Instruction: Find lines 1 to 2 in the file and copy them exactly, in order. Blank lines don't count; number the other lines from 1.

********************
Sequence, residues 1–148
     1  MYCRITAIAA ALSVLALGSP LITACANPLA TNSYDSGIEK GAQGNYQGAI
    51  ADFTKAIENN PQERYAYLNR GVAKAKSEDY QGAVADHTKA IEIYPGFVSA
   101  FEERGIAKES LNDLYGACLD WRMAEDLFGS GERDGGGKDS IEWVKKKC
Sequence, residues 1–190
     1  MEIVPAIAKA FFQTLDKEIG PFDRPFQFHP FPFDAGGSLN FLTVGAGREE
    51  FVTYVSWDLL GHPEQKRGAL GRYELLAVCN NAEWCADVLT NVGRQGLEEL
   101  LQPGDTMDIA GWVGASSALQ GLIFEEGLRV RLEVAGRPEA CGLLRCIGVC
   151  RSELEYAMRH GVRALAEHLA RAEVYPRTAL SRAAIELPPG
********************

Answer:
Sequence, residues 1–148
     1  MYCRITAIAA ALSVLALGSP LITACANPLA TNSYDSGIEK GAQGNYQGAI